John Bullis: Home-office deductions don’t automatically trigger audit
March 5, 2013
Several folks have indicated they have a sole-owner business and use a part of their home regularly and exclusively for business use. They have not claimed that deduction because they heard it would cause an IRS audit of their tax return.
Our experience is the deduction is that it’s OK to claim. The IRS has recently even issued a revenue procedure for a “safe harbor” office-in-home deduction. Rev. Proc. 2013-13 offers an optional method of figuring the deduction.
The “safe harbor” is effective for 2013 and later years. It allows $5 per each square foot of the home that is regular and exclusive business use. The limit allowed is 300 square feet; that means a maximum deduction of $1,500.
The home office expenses can be computed the regular way with the percentage of business use (business square feet divided by total square feet). That percentage is then applied to the interest, real estate taxes, utilities, repairs and maintenance as well as depreciation on the business portion of the home. That usually gives a bigger deduction than $1,500.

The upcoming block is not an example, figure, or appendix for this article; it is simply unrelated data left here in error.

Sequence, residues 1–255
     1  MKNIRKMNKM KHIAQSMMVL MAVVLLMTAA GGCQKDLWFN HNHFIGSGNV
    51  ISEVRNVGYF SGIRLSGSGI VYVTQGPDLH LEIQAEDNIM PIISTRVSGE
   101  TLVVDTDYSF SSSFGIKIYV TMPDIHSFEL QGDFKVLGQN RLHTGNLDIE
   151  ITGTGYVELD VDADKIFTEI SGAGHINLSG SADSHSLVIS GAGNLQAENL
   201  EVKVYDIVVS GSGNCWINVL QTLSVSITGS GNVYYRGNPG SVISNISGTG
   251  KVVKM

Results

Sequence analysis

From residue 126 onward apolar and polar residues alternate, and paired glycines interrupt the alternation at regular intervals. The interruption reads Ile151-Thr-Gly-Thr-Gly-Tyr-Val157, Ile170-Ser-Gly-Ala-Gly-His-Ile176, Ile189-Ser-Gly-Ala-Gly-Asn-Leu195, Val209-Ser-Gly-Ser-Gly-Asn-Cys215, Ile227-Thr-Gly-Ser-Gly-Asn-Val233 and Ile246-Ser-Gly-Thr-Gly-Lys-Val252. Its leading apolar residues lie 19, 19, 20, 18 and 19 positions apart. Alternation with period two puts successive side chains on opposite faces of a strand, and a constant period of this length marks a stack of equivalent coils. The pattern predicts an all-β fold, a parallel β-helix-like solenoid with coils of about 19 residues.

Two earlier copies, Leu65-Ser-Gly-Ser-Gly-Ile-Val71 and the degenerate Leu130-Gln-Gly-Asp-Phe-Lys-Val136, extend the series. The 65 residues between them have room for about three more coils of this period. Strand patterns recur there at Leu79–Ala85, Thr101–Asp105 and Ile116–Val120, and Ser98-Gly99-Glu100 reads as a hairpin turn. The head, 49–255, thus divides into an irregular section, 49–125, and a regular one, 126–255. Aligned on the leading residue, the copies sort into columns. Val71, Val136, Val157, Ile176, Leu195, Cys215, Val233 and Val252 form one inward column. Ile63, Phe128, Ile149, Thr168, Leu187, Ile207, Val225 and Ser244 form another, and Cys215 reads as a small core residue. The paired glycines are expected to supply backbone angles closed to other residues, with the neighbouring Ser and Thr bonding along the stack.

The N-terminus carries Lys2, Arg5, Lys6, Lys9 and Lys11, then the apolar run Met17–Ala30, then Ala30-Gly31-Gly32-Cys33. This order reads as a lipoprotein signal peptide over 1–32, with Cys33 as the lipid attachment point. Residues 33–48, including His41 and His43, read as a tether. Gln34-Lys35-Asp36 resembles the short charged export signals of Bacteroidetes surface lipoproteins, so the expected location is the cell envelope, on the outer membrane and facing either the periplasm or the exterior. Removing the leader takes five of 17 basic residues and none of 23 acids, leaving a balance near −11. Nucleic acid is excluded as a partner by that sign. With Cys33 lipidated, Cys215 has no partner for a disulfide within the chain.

The home office expenses save both income and self-employment taxes. Sometimes the deduction is only partly allowed in the current year, and the balance is carried over to future years. The limitation is based on business profits, among other things.
The deduction also is available to business owners who don’t own the home, but rent instead. The business-use percentage of the rent paid, utilities, repairs and maintenance is used in that instance.
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The election to use the “safe harbor” method is made on the return for each year for 2013 and later years.
It is a good idea to do a sketch of the home and the business-use portions. Taking a few photographs of the business area would help document the deduction.
The IRS does not choose to audit returns just because office-in-home expenses are claimed. The deduction is allowable and should be claimed. Why overpay your taxes?
Be sure to save the information on the expenses claimed on IRS form 8829 – copies of utility bills and proof of payment, etc.
Like most “safe harbor” IRS rules, it might be OK for a few taxpayers beginning in 2013, but figuring the actual costs usually results in greater tax savings. That is true for business vehicle expenses as well as office-in-home deductions.
Did you hear? “The time to win a fight is before it starts” by Frederick W. Lewis.
• John Bullis is a certified public accountant, personal financial specialist and certified senior adviser who has served Carson City for 45 years. He is founder emeritus of Bullis and Company CPAs.
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